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Almost Blue - Carlo Lucarelli

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Author: Carlo Lucarelli / Genre: Crime / Thriller

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      11.07.2006 10:41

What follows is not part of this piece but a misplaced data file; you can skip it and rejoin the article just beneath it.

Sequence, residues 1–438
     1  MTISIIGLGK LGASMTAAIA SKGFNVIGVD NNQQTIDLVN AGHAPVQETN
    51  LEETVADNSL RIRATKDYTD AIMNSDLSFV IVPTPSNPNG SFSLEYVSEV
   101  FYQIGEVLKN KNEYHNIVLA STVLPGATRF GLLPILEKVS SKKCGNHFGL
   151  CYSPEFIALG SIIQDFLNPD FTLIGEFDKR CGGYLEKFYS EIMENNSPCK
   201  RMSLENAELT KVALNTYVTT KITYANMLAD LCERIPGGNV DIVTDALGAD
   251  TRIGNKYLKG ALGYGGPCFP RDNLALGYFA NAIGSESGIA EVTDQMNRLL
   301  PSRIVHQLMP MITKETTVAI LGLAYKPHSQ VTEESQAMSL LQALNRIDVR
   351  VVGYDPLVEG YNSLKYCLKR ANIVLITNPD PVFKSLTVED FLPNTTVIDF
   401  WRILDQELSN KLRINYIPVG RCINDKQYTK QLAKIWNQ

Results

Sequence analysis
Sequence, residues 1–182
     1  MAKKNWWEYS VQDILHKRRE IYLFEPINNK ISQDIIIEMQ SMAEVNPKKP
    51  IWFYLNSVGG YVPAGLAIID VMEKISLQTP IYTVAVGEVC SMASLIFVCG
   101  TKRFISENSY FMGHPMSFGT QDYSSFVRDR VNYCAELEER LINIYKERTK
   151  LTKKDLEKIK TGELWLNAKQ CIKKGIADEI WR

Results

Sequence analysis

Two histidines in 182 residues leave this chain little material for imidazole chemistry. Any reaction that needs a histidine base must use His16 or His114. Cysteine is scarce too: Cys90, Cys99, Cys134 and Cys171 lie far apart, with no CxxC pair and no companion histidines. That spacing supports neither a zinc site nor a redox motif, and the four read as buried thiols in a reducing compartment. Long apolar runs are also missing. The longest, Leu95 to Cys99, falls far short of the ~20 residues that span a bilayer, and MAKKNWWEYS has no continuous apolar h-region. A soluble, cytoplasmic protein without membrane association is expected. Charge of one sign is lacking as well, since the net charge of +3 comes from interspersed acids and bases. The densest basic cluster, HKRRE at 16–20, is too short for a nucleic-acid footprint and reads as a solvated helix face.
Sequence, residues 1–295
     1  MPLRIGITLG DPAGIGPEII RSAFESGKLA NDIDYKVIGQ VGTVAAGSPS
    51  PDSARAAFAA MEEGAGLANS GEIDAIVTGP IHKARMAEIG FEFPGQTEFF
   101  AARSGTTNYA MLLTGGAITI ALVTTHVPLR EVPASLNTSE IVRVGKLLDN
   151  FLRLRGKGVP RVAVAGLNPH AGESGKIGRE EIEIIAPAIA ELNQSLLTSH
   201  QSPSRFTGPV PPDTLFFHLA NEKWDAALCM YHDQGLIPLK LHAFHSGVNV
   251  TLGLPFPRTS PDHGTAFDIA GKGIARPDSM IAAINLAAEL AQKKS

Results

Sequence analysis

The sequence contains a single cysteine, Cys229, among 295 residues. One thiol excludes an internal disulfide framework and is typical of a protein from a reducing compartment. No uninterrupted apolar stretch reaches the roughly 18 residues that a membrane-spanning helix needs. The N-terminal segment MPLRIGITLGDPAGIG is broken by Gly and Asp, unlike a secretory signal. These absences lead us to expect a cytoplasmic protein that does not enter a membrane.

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      Introduction I’ve read and reviewed quite a few crime books written by Italian authors recently and I have been quite impressed. I like the idea that so many foreign novels are now being translated into English – I know there are more than enough novels in English to get through, but I really enjoy reading about other countries and cultures, even when they are quite similar to our own. The author Carlo Lucarelli is the author of a number of books written in the noir tradition. This book is the first to be translated into English. He is also the television host of a show which discusses out of the ordinary crimes, particularly those that have remained unsolved. He also teaches creative writing. The plot There has been a series of brutal murders of students, yet there appears to be no link between them, until Detective Inspector Grazia Negro of the Unit of Analysis of Serious Crimes becomes involved and is convinced that there is a link. Each time someone is murdered, a person meeting their description is seen at the scene of the next murder – someone is shedding his skin after each murder and putting on the skin of the murder victim, which he then changes at the next murder. He is nicknamed the Iguana. There is just one witness to these murders – a blind young man who spends his time locked in his room listening to scanners which pick up radio waves throughout the city. He has a way of classifying voices by colour – green means menacing, blue means pleasant etc and has listened in to a number of the killer’s conversations. Initially reluctant, he eventually agrees to work with Grazia to try to solve the terrible murders. But will this ploy work or is Grazia putting him into too much danger? The characters Grazia Negro comes over as being a pleasant young woman with a strong desire to do well in her career, but she is certainly nothing out of the ordinary. We find out very little about her past; all we know is that she is in love with her colleague and boss, Vittorio Poletto, but hasn’t worked out a way to let him know without compromising her job. She has flaws, she makes mistakes, but she also has moments of brilliance. I enjoyed her character, but a few weeks down the line and I’m sure she will have merged into the large collection of women detectives from other novels. Simone has been blind from birth and apart from a period when he went to a school for the blind, he has spent most of his life in the apartment where he lives with his mother. He spends his days listening to radio waves over his scanner and listening to the same music time after time. His ears have become finely attuned, so he is able to classify voices and people by colour. I liked Simone. He is a complex character and obviously has hang-ups from the past, but he added colour to the book. I liked the way that the author used him to look at the story in a different way. Conclusion This book had moments of brilliance and moments of weakness. There were a few flaws in the plot; for example, I never really understood how Simone knew that the voice he was hearing was that of a serial murderer. The book was presented in short, snappy chapters, which I liked, each one titled by a key phrase from the chapter before. The fact that the chapters jumped around a bit was a little confusing – some chapters were told by Simone, some by Grazia and others by the Iguana himself, but it was quite stimulating because it forced me to constantly pull myself up and think at which stage the character had been at the last time he/she told the story. I liked the ending because of its vagueness; it wasn’t obvious until right at the end what had happened. It was definitely the story that made this book for me; the characters played a minor part. Recommended for fans of crime fiction and readers who want something just a little different. The book is available from play.com for £5.49. Published by Vintage, it has 128 pages. ISBN: 0099459434.

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